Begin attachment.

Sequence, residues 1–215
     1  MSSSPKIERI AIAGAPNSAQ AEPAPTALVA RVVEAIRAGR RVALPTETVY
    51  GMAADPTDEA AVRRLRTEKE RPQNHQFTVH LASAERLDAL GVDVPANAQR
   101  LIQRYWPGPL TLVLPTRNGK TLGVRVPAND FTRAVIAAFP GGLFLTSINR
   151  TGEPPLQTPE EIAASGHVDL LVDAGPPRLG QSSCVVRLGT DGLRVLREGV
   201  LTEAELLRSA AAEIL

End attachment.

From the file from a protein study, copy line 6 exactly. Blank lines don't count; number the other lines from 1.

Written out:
   201  LTEAELLRSA AAEIL